Young people suffer greatly as a result of bullying in school

When I was a school Principal, my colleagues, a few parents, a few students and I drew up an anti-bullying policy, and I had to intervene in some bullying episodes involving boys or girls. It always took much longer to sort out bullying by females. They tended to bring victims’ families into the conflict by making insulting statements about family members, and especially about their mothers. A common insult was ‘your mother is a slut and a whore’. I found, too, that girls were as likely to be involved in physical abuse as boys were.
Frequently, those children who inflict pain upon others are themselves the victims of abuse and of dysfunctional families. As with adult abusers, child bullies have particular characteristics, such as low self-esteem. They are insecure, shamed, sensitive to criticism, lack social skills, and become easily upset.
The impact of abuse on young victims is enormous. It leads to depression, and sometimes suicide. Their self-esteem is destroyed, their happiness undermined, and they become restless. I remember one victim spending an entire counselling session bent over fiddling with his shoelaces. Victims with low esteem often feel they are to blame and deserve to be abused. Bullying makes them feel worthless, hopeless and alone, and they become conscious of being different. School bullying can lead to eating disorders, cutting and anxiety. One of the worst aspects of bullying is that it can hinder students from reaching their potential, because they experience fear, and no longer do their best. Their creativity is stifled. Unfortunately, some victims play the role the bullies determine for them by putting on a false front to appease them. This only increases the power of the bully over them. The abusive personality tends to torture, and will not be appeased.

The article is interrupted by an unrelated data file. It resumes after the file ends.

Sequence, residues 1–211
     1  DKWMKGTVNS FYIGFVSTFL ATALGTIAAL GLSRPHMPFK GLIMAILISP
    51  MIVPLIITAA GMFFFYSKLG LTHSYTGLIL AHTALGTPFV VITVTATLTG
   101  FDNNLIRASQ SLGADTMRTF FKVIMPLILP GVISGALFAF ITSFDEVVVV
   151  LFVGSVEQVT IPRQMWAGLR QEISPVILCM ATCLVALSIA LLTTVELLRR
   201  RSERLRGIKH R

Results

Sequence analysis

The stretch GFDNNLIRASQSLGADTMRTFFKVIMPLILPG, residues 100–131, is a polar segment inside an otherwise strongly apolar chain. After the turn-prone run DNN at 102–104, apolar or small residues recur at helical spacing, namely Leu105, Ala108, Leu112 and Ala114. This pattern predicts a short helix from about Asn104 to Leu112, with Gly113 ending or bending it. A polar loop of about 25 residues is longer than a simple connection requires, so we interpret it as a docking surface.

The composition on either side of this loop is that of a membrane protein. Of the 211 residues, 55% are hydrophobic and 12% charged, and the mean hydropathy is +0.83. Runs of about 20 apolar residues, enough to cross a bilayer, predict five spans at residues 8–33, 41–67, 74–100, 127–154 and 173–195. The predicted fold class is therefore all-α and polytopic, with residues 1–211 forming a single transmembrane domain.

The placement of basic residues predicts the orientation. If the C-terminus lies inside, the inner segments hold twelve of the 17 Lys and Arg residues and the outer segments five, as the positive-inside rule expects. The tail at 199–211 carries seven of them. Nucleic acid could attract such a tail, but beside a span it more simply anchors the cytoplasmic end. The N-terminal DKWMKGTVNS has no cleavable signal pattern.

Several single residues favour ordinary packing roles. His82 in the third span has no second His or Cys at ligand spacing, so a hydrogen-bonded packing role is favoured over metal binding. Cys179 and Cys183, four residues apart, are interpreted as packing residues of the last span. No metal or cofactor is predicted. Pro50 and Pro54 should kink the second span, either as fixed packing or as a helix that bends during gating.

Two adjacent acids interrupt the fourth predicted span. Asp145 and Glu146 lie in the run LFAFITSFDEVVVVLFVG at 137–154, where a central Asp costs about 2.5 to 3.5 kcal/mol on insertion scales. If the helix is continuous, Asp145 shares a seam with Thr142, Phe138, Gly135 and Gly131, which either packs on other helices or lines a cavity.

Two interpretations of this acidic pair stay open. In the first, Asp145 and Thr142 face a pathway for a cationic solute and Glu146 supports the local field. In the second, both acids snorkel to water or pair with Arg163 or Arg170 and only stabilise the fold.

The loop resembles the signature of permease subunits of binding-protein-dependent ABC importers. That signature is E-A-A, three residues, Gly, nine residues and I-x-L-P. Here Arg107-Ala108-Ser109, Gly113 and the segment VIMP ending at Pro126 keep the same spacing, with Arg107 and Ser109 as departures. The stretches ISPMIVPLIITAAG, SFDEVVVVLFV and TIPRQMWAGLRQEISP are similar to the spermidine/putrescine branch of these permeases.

One of the things I have learned as a counsellor is that the debilitating effects of bullying can be carried into adult life. The loss of self-esteem does not seem to ease with age. The psychological scars of school bullying can remain fresh and unhealed into middle age. Some children’s life stories, and perhaps their identity are defined by school bullying, and the psychological shackles remain for years, preventing them from reaching their full relationship and vocational potential. I have seen this many times with adult clients. This impact is enormously increased, if the child comes from an unloving home.
It is, therefore, essential to confront bullying when it is occurring. Parents often find it difficult to do this, and fail to see the detrimental effects of bullying. Perhaps they see it as part of growing up. But, it is always necessary to be extremely sensitive to abuse, never to excuse it, and, above all, to name it. It is only when bullying becomes intolerable for their children that parents are forced to take a stand. There is also the reluctance of children to disclose that they are being bullied. They may fear the consequences of increased bullying. In Ireland, disclosure is also seen as informing, and informers have always been held up to public odium in Irish history. The tradition perhaps lingers.
Adapted from Jim O’Shea’s book Abuse. Domestic Violence, Workplace and School Bullying published by Cork University Press

Posted in abuse, workplace and school bullying